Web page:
In the West Bank and Gaza, decades of conflict had led to underinvestment in solid-waste management. Hebron and Bethlehem, the poorest governorates in the West Bank and home to nearly one million people, generate 20 percent of the area’s total solid waste. In 2009, 500 tons of waste produced daily were disposed of in unsanitary dumps, illegally abandoned, or burned.
Webinar organized by the World Bank's Global Partnership on Output-Based Aid (GPOBA) on the use of results-based financing for solid waste management projects 2014 03 27
Ramallah, September 2, 2013 – The World Bank, as administrator for the Global Partnership on Output-Based Aid (GPOBA), announced the signing of an US$8.3 million grant agreement for a project to improve access to solid waste management services in the West Bank.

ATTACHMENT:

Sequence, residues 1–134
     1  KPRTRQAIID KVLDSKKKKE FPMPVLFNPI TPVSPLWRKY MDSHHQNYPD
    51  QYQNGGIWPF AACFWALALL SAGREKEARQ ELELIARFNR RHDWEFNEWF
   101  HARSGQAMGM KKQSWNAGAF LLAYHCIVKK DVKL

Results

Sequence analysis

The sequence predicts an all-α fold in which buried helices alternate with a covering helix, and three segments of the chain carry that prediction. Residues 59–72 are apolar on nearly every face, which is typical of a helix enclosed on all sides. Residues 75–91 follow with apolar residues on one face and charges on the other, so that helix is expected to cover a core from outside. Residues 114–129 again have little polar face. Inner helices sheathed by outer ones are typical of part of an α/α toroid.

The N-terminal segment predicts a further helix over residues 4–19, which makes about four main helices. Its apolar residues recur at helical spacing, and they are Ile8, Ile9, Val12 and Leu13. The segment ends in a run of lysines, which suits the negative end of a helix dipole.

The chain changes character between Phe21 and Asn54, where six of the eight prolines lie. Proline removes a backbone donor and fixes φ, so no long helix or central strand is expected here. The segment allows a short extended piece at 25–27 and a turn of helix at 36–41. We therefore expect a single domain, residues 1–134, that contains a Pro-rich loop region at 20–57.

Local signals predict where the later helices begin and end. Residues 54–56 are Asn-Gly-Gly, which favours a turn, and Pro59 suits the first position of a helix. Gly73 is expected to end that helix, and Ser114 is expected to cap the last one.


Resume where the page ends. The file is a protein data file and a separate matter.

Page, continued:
On November 8, 2013, the World Bank featured the West Bank Solid Waste Management project as its front page story on its external website. This project will benefit about one-third of the population of the West Bank (approximately 800,000 people) and includes a sanitary landfill, as well as some small-scale recycling and composting.
This two-paged fact sheet from the IFC's Private Advisory Services includes information on the project's background, the World Bank's role (including that of GPOBA), the PPP structure and bidding, and the post-tender results. The West Bank Solid Waste Management project, signed in September 2013, is the second project in this new sector for GPOBA, and its first one for West Bank & Gaza.
With rapid urbanization, population growth, and new economic activity, municipal solid waste is increasing at alarming rates, and is expected to almost triple in low and lower middle income countries by 2025. At the same time, solid waste management (SWM) systems in most developing countries are underfunded and suffer from a lack of planning.